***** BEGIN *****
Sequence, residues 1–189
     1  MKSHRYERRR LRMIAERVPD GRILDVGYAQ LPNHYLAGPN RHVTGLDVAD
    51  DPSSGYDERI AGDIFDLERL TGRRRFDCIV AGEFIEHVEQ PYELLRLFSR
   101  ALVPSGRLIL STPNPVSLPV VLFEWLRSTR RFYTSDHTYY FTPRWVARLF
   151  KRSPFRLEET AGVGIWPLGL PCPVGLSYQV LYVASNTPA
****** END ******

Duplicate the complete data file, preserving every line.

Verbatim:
Sequence, residues 1–189
     1  MKSHRYERRR LRMIAERVPD GRILDVGYAQ LPNHYLAGPN RHVTGLDVAD
    51  DPSSGYDERI AGDIFDLERL TGRRRFDCIV AGEFIEHVEQ PYELLRLFSR
   101  ALVPSGRLIL STPNPVSLPV VLFEWLRSTR RFYTSDHTYY FTPRWVARLF
   151  KRSPFRLEET AGVGIWPLGL PCPVGLSYQV LYVASNTPA